And thus, through the courage and great skill in obstetrics of Queequeg, the deliverance, or rather, delivery of Tashtego, was successfully accomplished, in the teeth, too, of the most untoward and apparently hopeless impediments; which is a lesson by no means to be forgotten. Midwifery should be taught in the same course with fencing and boxing, riding and rowing.
    Evidently Tashtego was delivered by C-section. At any rate, Ismael gives us no doubt that being born, or in Tashtego’s case re-born, is a bloody battle.

    Earlier that day the harpooners were extracting the whale’s teeth:

    Queequeg, Daggoo, and Tashtego, being all accomplished dentists, are set to drawing teeth.
    (I’m new to the whole E-reader thing and I made a lot of highlights in this book, which makes cutting and pasting easy)
    Uhhhh...

  7. #127
    Registered User hellsapoppin's Avatar
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    Rachel

    Sancho,

    Re Rachel

    ... So I kept asking myself what’s the purpose of this chapter?

    We do see the Rachel again. After the big chase, and after everybody except Ishmael is on the bottom of the sea, the Rachel picks up Ishmael. The Rachel was still searching for their lost boat. So I wondered if Melville threw the Rachel chapter into the story for the sole purpose of making Ismael’s rescue plausible.


    A very good note.

    Throughout MD we see repeated references to religion, paganism, Christianity, and the Bible. In Judaism, despite its mythic patriarchal image, the religion actually gives much credit to historic matriarchs. Rachel was one of them. Despite being barren she ultimately gives birth to two sons who are the sires of two of the 12 tribes of Israel: Joseph and Benjamin. She had a maid and she arranged to have that maid become the mother of two other Israelite tribes. I have forgotten all the historical politics that her story dealt with but do recall that she was regarded as a savioress of children, including "lost" children or something like that, as well as a leading matriarch (she has been referred to as Mother Rachel) responsible for perpetuating the tribes. In the New Testament there was this blurb from Matt 2:18 ~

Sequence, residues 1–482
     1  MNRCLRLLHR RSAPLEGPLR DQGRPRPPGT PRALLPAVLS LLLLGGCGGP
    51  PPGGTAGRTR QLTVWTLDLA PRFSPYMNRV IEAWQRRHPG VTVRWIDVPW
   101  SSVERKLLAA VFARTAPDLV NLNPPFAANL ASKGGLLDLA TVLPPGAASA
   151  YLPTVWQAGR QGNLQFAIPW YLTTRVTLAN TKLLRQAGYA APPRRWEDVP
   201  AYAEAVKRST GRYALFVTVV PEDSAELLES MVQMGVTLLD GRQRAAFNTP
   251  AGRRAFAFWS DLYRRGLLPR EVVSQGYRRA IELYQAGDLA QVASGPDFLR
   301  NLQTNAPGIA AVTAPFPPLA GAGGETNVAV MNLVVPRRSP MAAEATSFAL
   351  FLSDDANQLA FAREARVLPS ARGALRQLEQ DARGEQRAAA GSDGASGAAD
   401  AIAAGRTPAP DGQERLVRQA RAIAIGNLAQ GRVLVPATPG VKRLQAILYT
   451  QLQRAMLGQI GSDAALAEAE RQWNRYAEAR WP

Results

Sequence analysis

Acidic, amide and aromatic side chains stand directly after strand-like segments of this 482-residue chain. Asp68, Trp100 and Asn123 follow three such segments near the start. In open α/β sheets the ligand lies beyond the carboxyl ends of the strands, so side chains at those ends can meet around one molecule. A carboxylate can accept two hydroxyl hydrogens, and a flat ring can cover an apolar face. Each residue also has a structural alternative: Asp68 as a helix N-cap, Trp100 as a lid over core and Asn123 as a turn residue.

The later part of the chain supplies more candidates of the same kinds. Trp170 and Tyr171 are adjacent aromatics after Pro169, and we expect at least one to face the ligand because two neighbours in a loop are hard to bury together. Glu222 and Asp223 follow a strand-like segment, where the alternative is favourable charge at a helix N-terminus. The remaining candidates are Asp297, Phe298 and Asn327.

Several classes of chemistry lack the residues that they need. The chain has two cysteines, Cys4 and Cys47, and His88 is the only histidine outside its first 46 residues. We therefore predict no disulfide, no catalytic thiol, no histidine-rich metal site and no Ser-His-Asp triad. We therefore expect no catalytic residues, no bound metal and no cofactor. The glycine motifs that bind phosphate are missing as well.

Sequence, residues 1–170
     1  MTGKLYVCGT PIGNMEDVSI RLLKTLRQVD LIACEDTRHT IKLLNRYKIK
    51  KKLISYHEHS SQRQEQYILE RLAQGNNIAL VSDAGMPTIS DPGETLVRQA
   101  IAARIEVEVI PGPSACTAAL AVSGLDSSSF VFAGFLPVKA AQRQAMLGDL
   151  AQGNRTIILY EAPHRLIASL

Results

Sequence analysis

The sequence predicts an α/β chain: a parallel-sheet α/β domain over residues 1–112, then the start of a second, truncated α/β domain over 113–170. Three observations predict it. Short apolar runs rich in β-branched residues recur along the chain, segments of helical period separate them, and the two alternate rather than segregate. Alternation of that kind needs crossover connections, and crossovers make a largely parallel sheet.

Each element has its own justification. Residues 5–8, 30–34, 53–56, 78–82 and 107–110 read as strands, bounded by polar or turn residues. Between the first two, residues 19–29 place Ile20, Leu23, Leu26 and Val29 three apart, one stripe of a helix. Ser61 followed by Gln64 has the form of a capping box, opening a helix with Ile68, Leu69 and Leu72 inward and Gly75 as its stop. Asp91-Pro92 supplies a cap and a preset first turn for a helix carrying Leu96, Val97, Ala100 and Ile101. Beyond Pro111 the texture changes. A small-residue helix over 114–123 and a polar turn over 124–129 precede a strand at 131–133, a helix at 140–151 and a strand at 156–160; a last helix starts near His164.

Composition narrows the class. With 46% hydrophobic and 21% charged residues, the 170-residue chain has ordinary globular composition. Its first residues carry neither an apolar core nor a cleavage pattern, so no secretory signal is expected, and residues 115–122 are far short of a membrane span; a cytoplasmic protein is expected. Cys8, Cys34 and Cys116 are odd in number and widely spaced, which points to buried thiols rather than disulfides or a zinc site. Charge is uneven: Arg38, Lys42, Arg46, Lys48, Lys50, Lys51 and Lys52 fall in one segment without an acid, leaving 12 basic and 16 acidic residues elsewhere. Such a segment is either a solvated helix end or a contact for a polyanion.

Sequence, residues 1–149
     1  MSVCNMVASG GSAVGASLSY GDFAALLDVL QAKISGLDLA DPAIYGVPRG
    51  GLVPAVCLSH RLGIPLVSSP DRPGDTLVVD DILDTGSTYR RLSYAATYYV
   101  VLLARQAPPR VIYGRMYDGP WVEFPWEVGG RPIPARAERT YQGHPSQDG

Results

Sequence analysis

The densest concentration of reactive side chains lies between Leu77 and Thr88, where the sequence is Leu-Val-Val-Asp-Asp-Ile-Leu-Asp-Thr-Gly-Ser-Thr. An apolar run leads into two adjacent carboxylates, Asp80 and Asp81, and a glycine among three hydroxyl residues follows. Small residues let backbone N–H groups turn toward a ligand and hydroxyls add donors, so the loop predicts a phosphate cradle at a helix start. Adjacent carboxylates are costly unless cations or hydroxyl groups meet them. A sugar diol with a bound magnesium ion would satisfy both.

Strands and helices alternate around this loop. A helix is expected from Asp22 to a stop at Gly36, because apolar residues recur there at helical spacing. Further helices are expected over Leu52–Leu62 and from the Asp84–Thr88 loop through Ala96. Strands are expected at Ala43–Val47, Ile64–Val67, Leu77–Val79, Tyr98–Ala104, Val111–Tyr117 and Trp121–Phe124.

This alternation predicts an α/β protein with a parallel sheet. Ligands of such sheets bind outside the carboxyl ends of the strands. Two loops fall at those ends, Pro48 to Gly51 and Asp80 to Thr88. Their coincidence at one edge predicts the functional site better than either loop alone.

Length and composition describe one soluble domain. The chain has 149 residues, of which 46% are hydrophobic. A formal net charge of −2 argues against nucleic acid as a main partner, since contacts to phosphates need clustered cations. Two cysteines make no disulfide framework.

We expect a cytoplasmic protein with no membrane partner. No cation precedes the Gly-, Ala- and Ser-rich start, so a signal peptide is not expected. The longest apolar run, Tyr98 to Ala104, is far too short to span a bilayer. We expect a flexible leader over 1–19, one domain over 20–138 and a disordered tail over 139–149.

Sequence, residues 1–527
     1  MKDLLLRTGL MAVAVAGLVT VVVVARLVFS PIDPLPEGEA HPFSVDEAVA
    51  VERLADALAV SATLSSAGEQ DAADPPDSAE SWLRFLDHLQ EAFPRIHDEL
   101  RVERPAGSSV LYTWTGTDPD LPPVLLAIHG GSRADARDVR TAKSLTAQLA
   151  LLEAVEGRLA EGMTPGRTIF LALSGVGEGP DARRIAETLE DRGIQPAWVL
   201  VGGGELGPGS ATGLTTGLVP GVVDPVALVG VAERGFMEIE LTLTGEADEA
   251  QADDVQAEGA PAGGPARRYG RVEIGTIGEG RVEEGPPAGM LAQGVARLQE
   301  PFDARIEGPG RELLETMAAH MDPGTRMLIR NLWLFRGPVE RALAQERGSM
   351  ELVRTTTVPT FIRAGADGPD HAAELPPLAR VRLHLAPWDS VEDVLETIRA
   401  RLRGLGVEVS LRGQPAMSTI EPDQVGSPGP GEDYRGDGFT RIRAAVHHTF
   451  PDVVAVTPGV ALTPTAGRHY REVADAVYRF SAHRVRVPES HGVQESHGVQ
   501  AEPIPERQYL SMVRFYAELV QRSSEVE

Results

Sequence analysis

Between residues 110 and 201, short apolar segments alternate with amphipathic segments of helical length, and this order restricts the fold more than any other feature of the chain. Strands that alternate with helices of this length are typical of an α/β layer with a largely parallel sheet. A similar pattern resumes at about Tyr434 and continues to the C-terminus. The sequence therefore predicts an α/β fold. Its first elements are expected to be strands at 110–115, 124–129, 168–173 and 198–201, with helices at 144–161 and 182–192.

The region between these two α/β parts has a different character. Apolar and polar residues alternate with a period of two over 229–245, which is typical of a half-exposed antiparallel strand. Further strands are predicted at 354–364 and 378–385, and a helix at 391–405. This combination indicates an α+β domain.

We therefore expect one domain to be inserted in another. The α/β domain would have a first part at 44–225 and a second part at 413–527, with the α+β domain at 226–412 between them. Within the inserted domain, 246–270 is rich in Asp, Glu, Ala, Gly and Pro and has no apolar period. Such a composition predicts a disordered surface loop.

A voice was heard in Ramah, weeping and loud lamentation, Rachel weeping for her children; she refused to be comforted, because they are no more

    Which shows that she, indeed, had great concern for the children of the tribe because she was a loving mother.

    Thus, no surprise that the marooned Ishmael was rescued by the Rachel.
    When stupidity is considered patriotism, it is unsafe to be intelligent

    ~ Isaac Asimov

  8. #128
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    Captain Boomer - Chapter 100

    Pequod Meets the Samuel Enderby of London


    Pequod meets the Samuel Enderby. Ahab is welcomed aboard by Captain Boomer. But Ahab had never been on another vessel since his unfortunate meeting with MD and has some difficulty in boarding. With some adjustments in the rigging he was able to board ship. Like Ahab, Boomer had had an unfortunate encounter with the White Whale. He lost an arm as a consequence. The arm was replaced with whale bone much like Ahab had done on his leg. However, the artificial limb was shaped like a weapon. While Ahab seethes in endless rage over MD's action and his fanatical desire for revenge, Boomer engages in much frivolity over it. He and his medic Dr Bunger (perhaps a play on the word bungler??) share a series of laughs over the encounter and how the doc's fruitless efforts panned out. Both drank hot toddies (rum drinks) to drown out the pain and the mis-emotion over the loss of the limb. Bunger says Boomer does go into fits and starts every once in a while. In fact, Boomer put a dent in his head though the latter denied it.



    Cᴀᴘᴛᴀɪɴ Bᴏᴏᴍᴇʀ